September 12, 2019
Two new assistant professors and one visiting professor promoted to assistant professor have joined McDaniel’s faculty in Biology, Engineering (Physics) and Economics this fall.
Allison Kerwin joins McDaniel College as assistant professor of Biology. Her research interests include host-microbe and microbe-microbe interactions in marine symbioses, environmental microbiology and ecology, environmental interactions and impacts on microbial communities and microbial physiology. Kerwin’s microbiome research investigating symbiotic microbes that drive biological processes is the next frontier of microbiology. She plans to engage her students in authentic research experiences and offers self-mentorship training to allow students to direct their own careers.
Kerwin earned a B.A. in Biology from Smith College and an M.S. in Biology from Northeastern University’s Three Seas Professional Master’s Program. She also received her Ph.D. in Molecular and Cell Biology from the University of Connecticut in August 2017. Her field of study is microbiology, and her dissertation is “Stability, development, and function of a symbiotic bacterial community associated with the reproductive system of the Hawaiian bobtail squid, Euprymna scolopes.”
Mehrshad Mehboudi joins McDaniel as assistant professor of Engineering. He brings five years of experience as a visiting instructor and teacher assistant as well as five years of industry work in industrial boiler and furnace manufacturing companies. His major achievement involved predicting structural phase transition in monochalcogenides monolayers and their properties.
Mehboudi earned a B.S. and M.S. in mechanical engineering from the University of Tehran and Iran University of Science and Technology. His engineering background extends with more than five years of firsthand work experience in mechanical engineering. He completed his M.S. in micro-electronics photonics from the University of Arkansas. In 2019, Mehboudi completed his Ph.D. in micro-electronics photonics from the Institute for Nanoscience and Engineering, University of Arkansas, where he did his dissertation on theoretical and numerical modeling of two-dimensional materials. Two-dimensional materials are a class of material with a thickness of one to a few atoms. He contributed to seven peer-reviewed articles in high impact journals such as PNAS, NANO Letters, ACS Central Science and Physical Review Letters.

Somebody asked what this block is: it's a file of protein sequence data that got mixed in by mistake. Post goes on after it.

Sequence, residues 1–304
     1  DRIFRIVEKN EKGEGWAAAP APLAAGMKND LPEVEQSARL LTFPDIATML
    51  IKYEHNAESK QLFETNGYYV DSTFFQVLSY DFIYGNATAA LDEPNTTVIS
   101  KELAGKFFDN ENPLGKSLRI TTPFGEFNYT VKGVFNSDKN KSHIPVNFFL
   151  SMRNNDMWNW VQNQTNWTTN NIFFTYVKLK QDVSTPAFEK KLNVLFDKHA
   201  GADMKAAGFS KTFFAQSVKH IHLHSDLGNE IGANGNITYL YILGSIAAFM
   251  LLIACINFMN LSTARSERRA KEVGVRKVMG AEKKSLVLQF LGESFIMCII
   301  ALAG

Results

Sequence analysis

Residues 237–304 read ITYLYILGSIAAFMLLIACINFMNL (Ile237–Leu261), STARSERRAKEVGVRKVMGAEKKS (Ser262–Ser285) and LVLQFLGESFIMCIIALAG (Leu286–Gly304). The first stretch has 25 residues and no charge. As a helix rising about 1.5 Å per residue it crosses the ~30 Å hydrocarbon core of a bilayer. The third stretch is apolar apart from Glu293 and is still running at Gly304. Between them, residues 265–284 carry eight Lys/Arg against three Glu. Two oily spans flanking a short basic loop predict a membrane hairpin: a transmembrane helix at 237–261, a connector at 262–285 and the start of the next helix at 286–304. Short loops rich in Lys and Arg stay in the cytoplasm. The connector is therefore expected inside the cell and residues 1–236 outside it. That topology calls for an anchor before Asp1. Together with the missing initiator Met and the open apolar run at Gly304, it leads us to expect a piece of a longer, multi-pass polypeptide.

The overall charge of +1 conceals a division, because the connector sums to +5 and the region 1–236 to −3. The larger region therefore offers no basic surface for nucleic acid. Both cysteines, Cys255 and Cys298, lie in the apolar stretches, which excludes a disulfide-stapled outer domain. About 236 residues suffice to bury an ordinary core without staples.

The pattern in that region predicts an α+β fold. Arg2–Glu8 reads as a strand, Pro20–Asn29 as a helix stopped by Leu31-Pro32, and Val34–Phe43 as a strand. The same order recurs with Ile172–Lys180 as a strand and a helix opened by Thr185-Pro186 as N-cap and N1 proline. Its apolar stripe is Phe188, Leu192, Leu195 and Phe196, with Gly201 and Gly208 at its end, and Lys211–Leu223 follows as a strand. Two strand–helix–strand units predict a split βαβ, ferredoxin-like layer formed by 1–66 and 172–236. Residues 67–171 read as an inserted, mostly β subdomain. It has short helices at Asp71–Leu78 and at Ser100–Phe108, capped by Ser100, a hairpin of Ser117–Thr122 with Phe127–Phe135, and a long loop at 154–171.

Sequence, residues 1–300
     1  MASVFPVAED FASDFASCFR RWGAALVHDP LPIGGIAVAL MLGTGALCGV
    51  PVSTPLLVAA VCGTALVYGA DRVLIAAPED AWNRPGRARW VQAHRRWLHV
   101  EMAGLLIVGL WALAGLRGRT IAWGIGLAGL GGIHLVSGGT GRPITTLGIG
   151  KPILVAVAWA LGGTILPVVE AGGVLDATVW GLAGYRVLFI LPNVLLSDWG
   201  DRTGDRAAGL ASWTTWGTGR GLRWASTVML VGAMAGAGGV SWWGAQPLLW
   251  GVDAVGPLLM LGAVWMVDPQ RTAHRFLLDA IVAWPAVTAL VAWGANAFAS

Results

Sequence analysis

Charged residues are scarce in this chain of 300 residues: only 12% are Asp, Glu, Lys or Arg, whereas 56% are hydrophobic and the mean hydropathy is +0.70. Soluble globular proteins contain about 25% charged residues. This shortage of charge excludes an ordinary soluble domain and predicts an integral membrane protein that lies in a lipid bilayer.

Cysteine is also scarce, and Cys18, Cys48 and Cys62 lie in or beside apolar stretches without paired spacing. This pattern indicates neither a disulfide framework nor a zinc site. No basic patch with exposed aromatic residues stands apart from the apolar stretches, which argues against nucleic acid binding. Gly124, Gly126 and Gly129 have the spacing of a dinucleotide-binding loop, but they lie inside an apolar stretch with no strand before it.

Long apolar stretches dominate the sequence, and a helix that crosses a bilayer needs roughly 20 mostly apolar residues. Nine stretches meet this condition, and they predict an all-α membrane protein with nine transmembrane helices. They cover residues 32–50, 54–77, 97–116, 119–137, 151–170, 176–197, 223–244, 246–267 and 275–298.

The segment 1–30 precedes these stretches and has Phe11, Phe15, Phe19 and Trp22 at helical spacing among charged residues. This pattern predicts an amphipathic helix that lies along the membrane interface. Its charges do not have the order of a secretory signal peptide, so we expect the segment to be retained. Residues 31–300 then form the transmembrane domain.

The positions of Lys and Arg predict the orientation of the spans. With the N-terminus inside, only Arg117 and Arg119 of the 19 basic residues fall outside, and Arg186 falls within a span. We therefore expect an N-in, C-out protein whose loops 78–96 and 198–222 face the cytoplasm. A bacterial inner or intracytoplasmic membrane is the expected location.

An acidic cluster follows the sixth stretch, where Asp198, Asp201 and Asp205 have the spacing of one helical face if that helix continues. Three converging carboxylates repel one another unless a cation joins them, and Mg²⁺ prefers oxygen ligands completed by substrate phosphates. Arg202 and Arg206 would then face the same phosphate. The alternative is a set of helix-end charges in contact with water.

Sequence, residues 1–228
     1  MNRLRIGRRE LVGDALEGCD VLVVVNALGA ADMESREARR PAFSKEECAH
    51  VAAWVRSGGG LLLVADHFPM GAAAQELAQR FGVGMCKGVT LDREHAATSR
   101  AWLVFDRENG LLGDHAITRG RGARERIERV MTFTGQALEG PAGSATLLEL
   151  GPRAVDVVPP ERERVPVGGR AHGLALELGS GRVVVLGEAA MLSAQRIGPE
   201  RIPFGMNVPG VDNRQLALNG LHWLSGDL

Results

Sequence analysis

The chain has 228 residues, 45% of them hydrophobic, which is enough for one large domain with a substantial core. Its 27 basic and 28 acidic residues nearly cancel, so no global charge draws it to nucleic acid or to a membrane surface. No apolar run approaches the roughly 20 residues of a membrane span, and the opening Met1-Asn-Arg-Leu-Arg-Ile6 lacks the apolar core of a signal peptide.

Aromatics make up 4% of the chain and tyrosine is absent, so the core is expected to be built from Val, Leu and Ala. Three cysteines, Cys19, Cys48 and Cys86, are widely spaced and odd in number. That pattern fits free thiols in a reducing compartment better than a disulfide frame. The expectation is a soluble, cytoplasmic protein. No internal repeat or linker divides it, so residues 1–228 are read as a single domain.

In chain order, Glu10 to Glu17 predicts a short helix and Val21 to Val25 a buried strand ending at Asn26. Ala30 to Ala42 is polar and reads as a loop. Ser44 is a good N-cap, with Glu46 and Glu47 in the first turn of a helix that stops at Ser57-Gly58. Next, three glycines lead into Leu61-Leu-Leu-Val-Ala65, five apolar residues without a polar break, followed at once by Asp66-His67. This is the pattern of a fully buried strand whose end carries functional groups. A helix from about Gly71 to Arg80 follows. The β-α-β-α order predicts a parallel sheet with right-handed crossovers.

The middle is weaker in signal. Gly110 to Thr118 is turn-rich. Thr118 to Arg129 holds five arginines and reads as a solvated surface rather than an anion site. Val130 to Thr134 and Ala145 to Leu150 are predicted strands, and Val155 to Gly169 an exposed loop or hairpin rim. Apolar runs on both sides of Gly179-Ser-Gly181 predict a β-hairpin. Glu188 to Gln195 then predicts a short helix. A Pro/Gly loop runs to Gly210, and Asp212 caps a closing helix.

Amy Ramnarine has been promoted from visiting assistant professor to assistant professor of Economics. Her primary research interests include economic development and applied macroeconomics. Ramnarine’s past personal experiences as an undergraduate Mathematics tutor and graduate teaching assistant have contributed greatly to her desire and passion for teaching. Ramnarine’s approach to teaching is to observe and reflect on her students and adapt her teaching style to their needs. She has taught development economics, intermediate microeconomics, principles of economics, introduction to statistics and economic issues and policy.
Prior to joining McDaniel, she served as an assistant professor and staff advisor at Occidental College in Los Angeles, Calif. Ramnarine earned her B.S. in Mathematics from Florida Agricultural and Mechanical University and an M.A. in Economics from Florida International University. She received her Ph.D. in Economics from Florida International University, where she did a dissertation entitled “Essays in Women’s Issues and Economic Development.” Her doctoral dissertation is a series of essays exploring the relationship between child marriage (marriage before the age of 18) and the health outcomes of children produced from those unions. Her research has found that the predominant effect of child marriage on children’s health outcomes is concentrated through increases in severe stunting. With her research, her goal is to contribute effective analyses that will help in the formulation of policy geared at enhancing the lives of women and the next generation.